KUALA LUMPUR (Dec 13): The Malaysian Palm Oil Board (MPOB) said while the country’s palm oil and palm oil products are deforestation-free, higher administrative and production costs as a result of due diligence following the new European Union (EU) import ban may impact the industry, especially the smallholders.
In a response to the EU’s agreement to ban the import of several products, which include palm oil, beef, soy, coffee, cocoa, and timber, MPOB director general Datuk Dr Ahmad Parveez Ghulam Kadir said the EU’s regulation only targets the cultivation of commodities from developing economies as the major challenge in protecting the global environment.
“The implication for the oil palm industry is expected to be from the due diligence statement, which will add to the administrative burden and higher cost of production vis-à-vis domestically produced rapeseed oil and sunflower oil.
“There are discrimination here as other crops, such as rapeseed and sunflower, are not targeted. In addition, smallholders may struggle to comply and be excluded from the EU market,” he said in a statement.
According to the European Commission's (EC) website, when the new rules enter into force, all relevant companies will have to conduct strict due diligence if they place their products on the EU market.
It also stated that importing companies will have to show that their products are deforestation-free, and subject to proving “precise geographical information on farmland” where the commodities were sourced.
The EU will now have to formally adopt the regulation before it can enter into force, and traders will have 18 months to implement the rules.
Nonetheless, Ahmad said Malaysia is strongly committed to producing palm oil according to sustainable principles and criteria under the Malaysian Sustainable Palm Oil (MSPO) certification scheme, which has been implemented mandatorily from Jan 1, 2020.
According to the EC's website, the EU reached an agreement on Dec 6, 2022 to ban the import of several products that include palm oil, beef, soy, coffee, cocoa, and timber, which have been identified as a “driver of deforestation”, if they come from deforested land after Dec 31, 2020.
“Recently in 2022, Malaysia has revised the MSPO standards to be in line with international norms, increase credibility, and expand broader scopes for recognition from the global market,” said Ahmad.
He said improvements on matters involving social and labour issues, good practices, high conservation values, social impact assessments, and quantification of greenhouse gas emissions were considered in the revision of the MSPO standards.
Ahmad said the development of the Malaysian oil palm industry is also governed by more than 60 regulations and laws, making it the most regulated industry in Malaysia.
Additionally, the country is committed to forest conservation and tropical rainforest biodiversity, and still maintains at least 50% of its land area under forest protection as pledged at the Rio Earth Summit in 1992, he added.
According to the EC's website, the new law will, once adopted and applied, ensure that a set of key goods placed on the EU market will no longer contribute to deforestation and forest degradation in the EU and elsewhere in the world.
Ahmad said the involvement of the Malaysian oil palm industry in deforestation is very low due to implementation of the regulations and laws in Malaysia.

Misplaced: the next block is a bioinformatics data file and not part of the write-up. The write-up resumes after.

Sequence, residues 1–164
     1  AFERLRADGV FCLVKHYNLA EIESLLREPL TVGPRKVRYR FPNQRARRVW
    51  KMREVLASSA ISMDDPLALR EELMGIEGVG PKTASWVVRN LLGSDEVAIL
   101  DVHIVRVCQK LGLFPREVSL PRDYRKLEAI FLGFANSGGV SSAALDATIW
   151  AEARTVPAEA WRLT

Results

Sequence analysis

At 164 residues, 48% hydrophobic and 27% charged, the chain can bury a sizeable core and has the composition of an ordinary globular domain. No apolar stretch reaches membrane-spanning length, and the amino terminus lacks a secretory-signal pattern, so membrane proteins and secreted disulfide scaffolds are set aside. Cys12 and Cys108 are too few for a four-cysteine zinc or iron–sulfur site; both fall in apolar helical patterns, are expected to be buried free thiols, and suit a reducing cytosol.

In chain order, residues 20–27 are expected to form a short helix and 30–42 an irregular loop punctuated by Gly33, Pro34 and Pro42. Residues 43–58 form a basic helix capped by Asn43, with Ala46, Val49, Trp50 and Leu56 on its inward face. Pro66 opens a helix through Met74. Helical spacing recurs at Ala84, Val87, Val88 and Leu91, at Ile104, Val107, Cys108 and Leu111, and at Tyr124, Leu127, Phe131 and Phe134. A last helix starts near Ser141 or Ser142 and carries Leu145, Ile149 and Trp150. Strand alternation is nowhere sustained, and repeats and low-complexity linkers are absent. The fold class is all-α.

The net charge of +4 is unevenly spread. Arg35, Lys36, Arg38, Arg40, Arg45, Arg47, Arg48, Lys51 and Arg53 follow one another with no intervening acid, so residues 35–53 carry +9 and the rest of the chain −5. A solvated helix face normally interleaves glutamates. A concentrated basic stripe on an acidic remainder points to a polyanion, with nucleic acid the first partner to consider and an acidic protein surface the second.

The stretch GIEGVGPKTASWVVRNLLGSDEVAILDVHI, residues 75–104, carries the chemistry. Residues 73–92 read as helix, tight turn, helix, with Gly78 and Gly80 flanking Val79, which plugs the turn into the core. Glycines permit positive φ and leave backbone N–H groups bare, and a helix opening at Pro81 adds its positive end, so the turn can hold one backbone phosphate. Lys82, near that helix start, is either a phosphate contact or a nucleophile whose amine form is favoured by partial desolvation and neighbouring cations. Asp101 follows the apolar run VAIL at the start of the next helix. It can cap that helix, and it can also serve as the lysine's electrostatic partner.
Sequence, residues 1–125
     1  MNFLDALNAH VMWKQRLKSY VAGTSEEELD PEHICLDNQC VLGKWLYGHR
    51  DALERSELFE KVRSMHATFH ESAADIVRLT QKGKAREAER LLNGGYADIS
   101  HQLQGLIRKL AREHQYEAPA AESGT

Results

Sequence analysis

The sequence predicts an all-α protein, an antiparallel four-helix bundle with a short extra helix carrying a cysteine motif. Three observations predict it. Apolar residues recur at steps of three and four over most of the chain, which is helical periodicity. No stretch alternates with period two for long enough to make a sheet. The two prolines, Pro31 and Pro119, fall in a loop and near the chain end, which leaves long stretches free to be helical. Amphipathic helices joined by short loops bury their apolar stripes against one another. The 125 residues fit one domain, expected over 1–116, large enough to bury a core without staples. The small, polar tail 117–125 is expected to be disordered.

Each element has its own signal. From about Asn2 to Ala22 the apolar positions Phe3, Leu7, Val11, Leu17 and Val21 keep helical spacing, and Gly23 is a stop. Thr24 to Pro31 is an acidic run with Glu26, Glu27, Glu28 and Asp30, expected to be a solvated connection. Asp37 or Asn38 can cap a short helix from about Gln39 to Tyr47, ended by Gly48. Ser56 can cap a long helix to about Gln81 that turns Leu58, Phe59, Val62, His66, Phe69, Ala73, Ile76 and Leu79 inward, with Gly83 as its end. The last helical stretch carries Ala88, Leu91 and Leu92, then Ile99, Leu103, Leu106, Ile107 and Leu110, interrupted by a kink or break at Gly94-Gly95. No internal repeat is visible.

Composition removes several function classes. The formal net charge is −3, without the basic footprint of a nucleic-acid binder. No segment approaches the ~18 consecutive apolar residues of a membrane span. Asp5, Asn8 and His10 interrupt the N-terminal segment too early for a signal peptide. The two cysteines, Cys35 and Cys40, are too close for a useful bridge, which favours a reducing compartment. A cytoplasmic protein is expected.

“This needs to be recognised by the EU. Based on the interpretation, palm oil and its products produced from existing palm plantations before Jan 1, 2021 are considered deforestation-free.
“Malaysia does not allow deforestation for oil palm cultivation. The EU must recognise products based on the country of origin and not globally, as is done for palm biofuel,” he said.
According to him, the State of the World's Forests 2020 reported that the amount of forest loss had decreased globally, and this shows a positive sign where a balance between biodiversity conservation and sustainable forest use or development does exist.
Based on the perspective of Malaysia's commitments including the MSPO certification, the decline in primary forest loss in Malaysia for four consecutive years (from 2017-2020) may have contributed towards this downward trend as reported by the Global Forest Watch in 2021, Ahmad said.
“Malaysia is also fully committed to conducting constructive bilateral cooperation and negotiations to ensure that there is no discrimination in the conduct of international trade for market access for Malaysian products in the EU market,” he said.
Malaysia has a policy and legal framework to ensure that sustainable development balances environmental protection and socio-economic development.
This is evident through the implementation of various programmes and initiatives for the conservation and protection of forests and biodiversity, including, among others, the national forestry initiative, namely the Central Forest Spine and Heart of Borneo, reforestation through the replanting of forest tree species, the establishment of wildlife corridors, and the reduction of greenhouse gas emissions.
Malaysia already enacted an important policy towards sustainable palm oil cultivation in March 2019 which, among others, limits the total area of oil palm cultivation to 6.5 million hectares, halts the cultivation of palm oil in peatland areas, strengthens the regulations regarding the existing cultivation of palm oil on peatlands, and prohibits the conversion of reserved forest areas for oil palm cultivation.
The Government has also established the Malaysian Palm Oil Green Conservation Foundation to support conservation efforts, as well as improve the image of palm oil as a sustainable product in the eyes of the world. This effort shows that the Government is committed and serious about the preservation, conservation and protection of the environment.